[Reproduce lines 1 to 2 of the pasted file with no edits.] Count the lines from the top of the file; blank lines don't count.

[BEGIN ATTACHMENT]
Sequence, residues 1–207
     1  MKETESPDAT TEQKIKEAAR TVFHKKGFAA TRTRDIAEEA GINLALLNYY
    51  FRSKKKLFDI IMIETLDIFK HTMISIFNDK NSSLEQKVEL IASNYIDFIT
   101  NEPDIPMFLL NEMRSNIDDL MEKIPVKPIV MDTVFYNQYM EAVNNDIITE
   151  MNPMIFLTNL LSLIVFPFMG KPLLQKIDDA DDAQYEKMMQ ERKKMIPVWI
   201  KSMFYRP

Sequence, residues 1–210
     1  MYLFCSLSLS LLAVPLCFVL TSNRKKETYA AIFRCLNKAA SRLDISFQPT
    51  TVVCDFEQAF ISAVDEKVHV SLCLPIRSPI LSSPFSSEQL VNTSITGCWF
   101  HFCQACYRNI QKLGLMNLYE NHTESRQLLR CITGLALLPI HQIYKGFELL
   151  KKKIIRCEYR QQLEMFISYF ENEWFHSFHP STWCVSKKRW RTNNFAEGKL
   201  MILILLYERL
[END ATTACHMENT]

Sequence, residues 1–207
     1  MKETESPDAT TEQKIKEAAR TVFHKKGFAA TRTRDIAEEA GINLALLNYY